A unique “envelope-controlled harmonic generator.”
TWA’s Dynamorph is an innovative hybrid of two familiar effects. Like an auto-wah, it responds to your playing dynamics, generating brighter tones when you play hard and warmer ones when you play softly. But instead of triggering a resonant filter (like on, say, a Mu-Tron III), your dynamics determine the amount of signal feeding an anarchic overdrive circuit with a clipping-diode array that behaves like those in Octavia-style fuzz pedals. TWA accurately dubs this effect an “envelope-controlled harmonic generator.”
Mind you, we’re not talking clean octave transpositions so much as the harmonic chaos Octavia-style circuits generate when confounded by double-stops and chords, or when starving the input using your guitar’s volume controls. Tones are clangorous, harmonically complex, and often unpredictable. They sometimes have a bell-like character reminiscent of ring modulation.
When first confronting Dynamorph’s controls, it helps to have a degree in insect biology. Odd control names such as instar, ametaboly, and holometaboly all pertain to insect metamorphosis. TWA takes the metaphor to the max: Other knobs are labeled chrysalis, gestation, and ecdysis. (Fun fact: Ecdysis refers to the way some insects and reptiles shed their outer skin, which gave us the word “ecdysiast”—a fancy term for “stripper.”)
Meanwhile, the full-frequency mode is labeled Ovid (after the classical Roman author of Metamorphoses, wherein humans get transformed into an array of animals and inanimate objects), while low-cut mode is called Kafka (after the Czech author of The Metamorphosis, in which our protagonist becomes a cockroach). At the pedal’s center is a glowing butterfly cutout whose brightness indicates your input level. Someone had fun here.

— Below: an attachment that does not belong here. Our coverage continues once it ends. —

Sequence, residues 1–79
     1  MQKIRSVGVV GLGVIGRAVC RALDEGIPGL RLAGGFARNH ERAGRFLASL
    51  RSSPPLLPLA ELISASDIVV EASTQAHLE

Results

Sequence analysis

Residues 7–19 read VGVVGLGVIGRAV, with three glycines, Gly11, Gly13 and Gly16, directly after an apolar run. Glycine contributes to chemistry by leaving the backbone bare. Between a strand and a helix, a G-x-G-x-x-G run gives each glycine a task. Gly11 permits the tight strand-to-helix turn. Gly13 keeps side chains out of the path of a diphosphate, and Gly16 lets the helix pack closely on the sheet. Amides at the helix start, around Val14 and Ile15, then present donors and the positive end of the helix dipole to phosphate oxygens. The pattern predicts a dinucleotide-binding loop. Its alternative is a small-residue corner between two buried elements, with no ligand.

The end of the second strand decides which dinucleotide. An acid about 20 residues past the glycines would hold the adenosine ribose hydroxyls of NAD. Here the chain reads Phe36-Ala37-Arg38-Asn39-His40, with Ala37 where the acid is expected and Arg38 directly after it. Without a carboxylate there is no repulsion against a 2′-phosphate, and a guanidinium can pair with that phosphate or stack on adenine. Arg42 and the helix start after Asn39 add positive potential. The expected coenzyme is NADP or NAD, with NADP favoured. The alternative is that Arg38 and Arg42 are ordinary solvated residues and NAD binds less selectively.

While Dynamorph’s tones can be hard to predict, the controls are more straightforward than their perplexing labels suggest. There’s a 2-stage booster in front of the clipping didoes—each stage with its own gain control. Other knobs set the master volume, wet/dry mix, and the gain level at which the diodes are triggered, and the length of time before the diodes respond. You can learn your way around in a few minutes.
But that doesn’t mean you’ll get predictable results. The dynamic controls in particular have wild, hair-trigger responses. Small knob motions produce big tonal shifts. It can be a fine line between controlled sweeps and brittle squawks. I had the most fun just spinning random knobs and surveying the wreckage.
The wet/dry blend—um, make that the ametaboly control—is crucial here. Mixing in varying amount of dry signal reins in the harmonic chaos. You can even get near-pretty chiming tones by adding small quantities of effect to a clean, dry signal. Besides “controlling” the chaos via playing dynamics, you can set the effect threshold with an expression pedal (not included). You can also switch off the triggering altogether.
Dynamorph resides in a standard B-sized enclosure, with both input and output jacks on the pedal’s right side. It runs on any standard 9V power supply, and there is no battery compartment.
It’s not easy to wring new sounds from old circuits, but TWA has accomplished just that. Dynamorph isn’t for players who fear unpredictability. But adventurous guitarists seeking unconventional tones—including willfully ugly ones—may well be inspired by this unique and imaginative effect.